Chelsea started with the 3-5-2 formation – which has become a staple since Thomas Tuchel took over the club. The Blues fielded three midfielders in N’Golo Kante, Jorginho, and Mateo Kovacic to stop Man City’s flow in midfield.
Romelu Lukaku and Timo Werner started up-front to mount counter-attacks, while Marcus Alonso and Reece James provided support down the wings.
This is how the team looked at the beginning of the match:
The 3-5-2 formation has given the Blues success under Tuchel and it was opted to stop City from controlling the game.
But, Chelsea failed to do so as Pep Guardiola’s side dominated chunks of possession. They were swift in robbing the Blues of the ball whenever they received it.
With Reece James picking up an injury at the half-hour mark, Thiago Silva was brought in – with Cesar Azpilicueta taking over the right wing-back role.
As the Blues failed to gain control in the first half, Tuchel opted to change things up after Gabriel Jesus’ goal. Kai Havertz replaced Kante to give Chelsea more penetration in the attack. It almost worked as the German helped set up what looked like the equalizer for Romelu Lukaku, but he was judged offside.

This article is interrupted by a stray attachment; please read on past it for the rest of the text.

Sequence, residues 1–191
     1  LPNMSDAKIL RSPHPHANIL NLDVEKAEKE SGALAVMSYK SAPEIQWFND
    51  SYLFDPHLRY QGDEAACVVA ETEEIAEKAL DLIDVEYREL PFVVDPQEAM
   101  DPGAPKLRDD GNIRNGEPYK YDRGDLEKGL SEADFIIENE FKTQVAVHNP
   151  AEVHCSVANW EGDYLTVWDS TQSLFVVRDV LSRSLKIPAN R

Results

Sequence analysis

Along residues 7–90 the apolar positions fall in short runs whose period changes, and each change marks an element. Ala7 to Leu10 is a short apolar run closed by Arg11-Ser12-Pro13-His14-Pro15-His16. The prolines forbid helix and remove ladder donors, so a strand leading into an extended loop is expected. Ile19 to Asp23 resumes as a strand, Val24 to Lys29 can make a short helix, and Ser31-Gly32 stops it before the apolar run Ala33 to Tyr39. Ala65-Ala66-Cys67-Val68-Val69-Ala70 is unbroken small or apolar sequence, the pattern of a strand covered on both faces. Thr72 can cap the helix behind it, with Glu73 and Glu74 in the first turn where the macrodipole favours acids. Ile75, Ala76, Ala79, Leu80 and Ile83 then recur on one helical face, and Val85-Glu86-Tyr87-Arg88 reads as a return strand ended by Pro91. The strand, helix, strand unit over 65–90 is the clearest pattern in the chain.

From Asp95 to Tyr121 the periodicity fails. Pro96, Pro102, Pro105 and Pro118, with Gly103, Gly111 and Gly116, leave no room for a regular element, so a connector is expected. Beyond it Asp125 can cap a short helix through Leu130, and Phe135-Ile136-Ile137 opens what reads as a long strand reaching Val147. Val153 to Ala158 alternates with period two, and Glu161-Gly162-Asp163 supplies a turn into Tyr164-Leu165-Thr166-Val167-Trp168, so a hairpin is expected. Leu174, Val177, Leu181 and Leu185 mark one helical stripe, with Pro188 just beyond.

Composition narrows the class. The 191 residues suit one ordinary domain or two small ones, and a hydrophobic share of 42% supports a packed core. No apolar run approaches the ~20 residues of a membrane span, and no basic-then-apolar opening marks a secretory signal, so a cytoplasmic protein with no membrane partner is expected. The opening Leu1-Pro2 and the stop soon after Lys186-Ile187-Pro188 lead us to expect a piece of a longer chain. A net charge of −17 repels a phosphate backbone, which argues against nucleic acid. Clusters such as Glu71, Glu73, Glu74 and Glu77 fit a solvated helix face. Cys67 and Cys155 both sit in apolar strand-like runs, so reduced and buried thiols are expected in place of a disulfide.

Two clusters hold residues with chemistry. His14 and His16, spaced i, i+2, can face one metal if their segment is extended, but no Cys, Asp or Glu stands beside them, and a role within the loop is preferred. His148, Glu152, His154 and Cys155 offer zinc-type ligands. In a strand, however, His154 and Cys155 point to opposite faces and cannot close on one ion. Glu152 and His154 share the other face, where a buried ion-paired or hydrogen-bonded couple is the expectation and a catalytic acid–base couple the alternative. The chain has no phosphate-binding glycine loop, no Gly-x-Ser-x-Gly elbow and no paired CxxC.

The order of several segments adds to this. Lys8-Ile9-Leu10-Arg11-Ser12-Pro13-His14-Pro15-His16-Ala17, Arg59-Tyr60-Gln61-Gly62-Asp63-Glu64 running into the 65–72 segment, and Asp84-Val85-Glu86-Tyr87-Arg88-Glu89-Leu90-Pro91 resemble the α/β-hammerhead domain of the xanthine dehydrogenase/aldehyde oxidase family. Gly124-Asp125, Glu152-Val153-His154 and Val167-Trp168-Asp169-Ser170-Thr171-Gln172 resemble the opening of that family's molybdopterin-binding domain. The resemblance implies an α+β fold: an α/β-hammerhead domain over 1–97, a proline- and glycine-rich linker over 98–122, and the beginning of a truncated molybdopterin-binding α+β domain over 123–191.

Ruben Loftus-Cheek was also brought on towards the last 15 minutes to add more physicality & attacking drive for Chelsea. He had an impressive cameo, winning key duels in midfield & bullying the City midfielders.
Here’s how Chelsea set up in a more attack-minded style towards the end of the game:
The Blues didn’t have a genuine defensive midfielder anymore, with Kovacic and Loftus-Cheek acting as a more advanced midfield duo. Havertz took up the floating no.10 role, while Timo Werner continued to play just behind Lukaku to trouble the defenders.
Alonso and Azpilicueta also drove forward to support the attackers as Chelsea were desperate for a goal. But, despite a few nice attempts, the Blues were unable to break down City’s strong defence and couldn’t take out anything from the game.